Thursday, April 02, 2009

Control structures in Groovy

To control program flow in Groovy we can use all control structures available in Java, but with additional power.

In Java, branching statements like 'if', and 'while' accept an expression which evaluates to a boolean value. We cannot use an object where a boolean is required. Groovy, on the other hand has the concept of Groovy truth, which coerces non boolean values into boolean values. Thus statement like these are perfectly valid in Groovy.
List list = ['apples']
if(list) {
println 'This list is not empty'
}
Here the list object evaluates to a boolean value. Any non empty list will evaluate to true. This article explains coercion rules for the Groovy truth.

Groovy truth allows us to use non booleans inside conditionals. It evaluates objects to their (truth) boolean values. With Groovy truth we can use booleans, Strings, GStrings, List, Map, Numbers, and any arbitrary object where a boolean is expected.

Groovy also gives greater power to switch statements. In Java we can only use integers, characters, and Enum constants in switch statements. However, Groovy allows the use of expressions that evaluate to arbitrary objects in switch as well as case statements.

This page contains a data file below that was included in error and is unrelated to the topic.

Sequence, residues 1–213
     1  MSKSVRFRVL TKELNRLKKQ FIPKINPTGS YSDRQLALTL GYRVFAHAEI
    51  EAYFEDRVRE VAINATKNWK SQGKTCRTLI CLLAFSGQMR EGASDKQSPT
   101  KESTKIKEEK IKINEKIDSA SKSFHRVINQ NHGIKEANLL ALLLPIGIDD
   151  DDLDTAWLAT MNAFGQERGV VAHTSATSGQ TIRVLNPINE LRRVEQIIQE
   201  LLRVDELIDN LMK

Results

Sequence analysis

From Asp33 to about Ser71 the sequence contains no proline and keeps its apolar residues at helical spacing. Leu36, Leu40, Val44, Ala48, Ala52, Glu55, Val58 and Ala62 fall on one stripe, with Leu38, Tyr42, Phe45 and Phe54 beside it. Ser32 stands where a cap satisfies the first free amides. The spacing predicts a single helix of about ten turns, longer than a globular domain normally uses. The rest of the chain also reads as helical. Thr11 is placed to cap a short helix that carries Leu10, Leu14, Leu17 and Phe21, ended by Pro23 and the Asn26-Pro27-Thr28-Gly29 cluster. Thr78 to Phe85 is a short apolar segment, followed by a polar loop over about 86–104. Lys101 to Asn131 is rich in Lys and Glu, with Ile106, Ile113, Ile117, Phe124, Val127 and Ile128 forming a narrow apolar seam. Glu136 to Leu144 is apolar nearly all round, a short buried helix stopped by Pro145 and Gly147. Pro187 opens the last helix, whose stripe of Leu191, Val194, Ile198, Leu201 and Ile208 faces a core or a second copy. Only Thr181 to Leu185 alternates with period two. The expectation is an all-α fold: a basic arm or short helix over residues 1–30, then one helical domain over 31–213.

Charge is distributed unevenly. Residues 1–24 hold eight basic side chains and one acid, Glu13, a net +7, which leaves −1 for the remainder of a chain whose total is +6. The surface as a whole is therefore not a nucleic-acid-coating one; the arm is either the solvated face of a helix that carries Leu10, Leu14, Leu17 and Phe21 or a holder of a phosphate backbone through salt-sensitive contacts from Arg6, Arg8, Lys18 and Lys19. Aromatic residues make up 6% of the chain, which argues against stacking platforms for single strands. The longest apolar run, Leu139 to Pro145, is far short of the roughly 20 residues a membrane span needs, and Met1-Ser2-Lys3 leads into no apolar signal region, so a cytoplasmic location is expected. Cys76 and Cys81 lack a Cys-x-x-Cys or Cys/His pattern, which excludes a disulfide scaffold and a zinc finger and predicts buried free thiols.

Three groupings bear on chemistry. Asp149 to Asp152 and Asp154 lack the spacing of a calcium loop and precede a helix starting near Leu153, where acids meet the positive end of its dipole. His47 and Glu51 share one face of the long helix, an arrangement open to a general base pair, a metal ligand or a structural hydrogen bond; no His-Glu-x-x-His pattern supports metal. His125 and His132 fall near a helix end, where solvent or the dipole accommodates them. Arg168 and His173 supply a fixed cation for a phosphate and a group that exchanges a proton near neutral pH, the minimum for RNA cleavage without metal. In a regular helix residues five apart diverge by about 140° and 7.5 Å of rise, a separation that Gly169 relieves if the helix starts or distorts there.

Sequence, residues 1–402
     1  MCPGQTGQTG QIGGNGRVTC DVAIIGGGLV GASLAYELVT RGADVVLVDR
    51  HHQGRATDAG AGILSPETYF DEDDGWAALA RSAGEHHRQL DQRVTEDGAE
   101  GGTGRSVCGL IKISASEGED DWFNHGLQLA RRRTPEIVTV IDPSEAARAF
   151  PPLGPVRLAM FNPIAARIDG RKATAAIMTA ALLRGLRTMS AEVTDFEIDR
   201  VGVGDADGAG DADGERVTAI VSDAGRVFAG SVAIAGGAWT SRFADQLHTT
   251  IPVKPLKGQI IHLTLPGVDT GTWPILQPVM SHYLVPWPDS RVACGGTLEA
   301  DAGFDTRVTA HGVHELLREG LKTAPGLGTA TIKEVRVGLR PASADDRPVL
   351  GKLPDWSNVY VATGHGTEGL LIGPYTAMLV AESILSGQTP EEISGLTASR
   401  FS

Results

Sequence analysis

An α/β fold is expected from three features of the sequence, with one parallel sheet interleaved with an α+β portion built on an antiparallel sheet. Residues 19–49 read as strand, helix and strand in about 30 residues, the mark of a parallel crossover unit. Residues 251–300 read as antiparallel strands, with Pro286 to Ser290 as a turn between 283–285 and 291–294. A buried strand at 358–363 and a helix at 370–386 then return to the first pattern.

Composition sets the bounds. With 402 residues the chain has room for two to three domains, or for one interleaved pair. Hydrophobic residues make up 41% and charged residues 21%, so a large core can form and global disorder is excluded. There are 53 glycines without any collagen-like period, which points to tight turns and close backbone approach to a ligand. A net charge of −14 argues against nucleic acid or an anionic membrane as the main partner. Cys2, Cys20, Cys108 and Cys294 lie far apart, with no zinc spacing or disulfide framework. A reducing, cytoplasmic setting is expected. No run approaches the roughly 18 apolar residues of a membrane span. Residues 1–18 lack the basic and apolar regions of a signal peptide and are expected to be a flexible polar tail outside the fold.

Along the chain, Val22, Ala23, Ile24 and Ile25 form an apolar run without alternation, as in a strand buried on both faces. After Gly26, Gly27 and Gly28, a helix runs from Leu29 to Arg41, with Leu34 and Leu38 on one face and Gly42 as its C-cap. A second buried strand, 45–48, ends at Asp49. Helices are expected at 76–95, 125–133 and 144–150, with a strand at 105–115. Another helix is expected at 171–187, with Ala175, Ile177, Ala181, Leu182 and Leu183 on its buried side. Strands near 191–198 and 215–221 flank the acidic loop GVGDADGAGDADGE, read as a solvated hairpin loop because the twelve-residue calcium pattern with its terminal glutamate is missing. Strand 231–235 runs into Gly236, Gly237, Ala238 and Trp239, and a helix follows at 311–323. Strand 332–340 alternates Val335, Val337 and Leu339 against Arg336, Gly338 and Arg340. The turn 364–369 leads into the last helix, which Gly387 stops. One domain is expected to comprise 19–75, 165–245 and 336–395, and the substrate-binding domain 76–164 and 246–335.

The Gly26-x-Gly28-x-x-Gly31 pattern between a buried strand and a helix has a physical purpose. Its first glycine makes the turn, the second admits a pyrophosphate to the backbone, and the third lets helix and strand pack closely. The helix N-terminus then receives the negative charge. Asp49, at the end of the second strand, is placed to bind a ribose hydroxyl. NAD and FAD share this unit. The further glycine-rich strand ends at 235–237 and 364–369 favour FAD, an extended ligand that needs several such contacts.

printGameType('Soccer')
printGameType('Cricket')
printGameType('Tag')

def printGameType(name) {
def boardGames = ['Chess', 'Carrom', 'Monopoly']
def ballGames = ['Soccer', 'Football', 'Basketball']
def ballAndBatGame = ['Baseball', 'Cricket']
switch(name) {
case boardGames:
println """${name} is a board game"""
break
case ballGames:
println """${name} is a ball game"""
break
case ballAndBatGame:
println """${name} is a ball and bat game"""
default:
println """Could not determine game type of ${name}"""
}
}


The output from running the above program is:


Soccer is a ball game
Cricket is a ball and bat game
Could not determine game type of Cricket
Could not determine game type of Tag


In Groovy, whenever a case expression is evaluated, the isCase() method of the object (which the case expression evaluates to) is invoked with the object provided in the switch statement as a parameter. In the above example, the isCase() method of each of the List objects is invoked with the String provided in the switch statement. If an object does not have an isCase() method then it's equals() method is invoked.

These new features makes Groovy a very expressive language to represent control logic.

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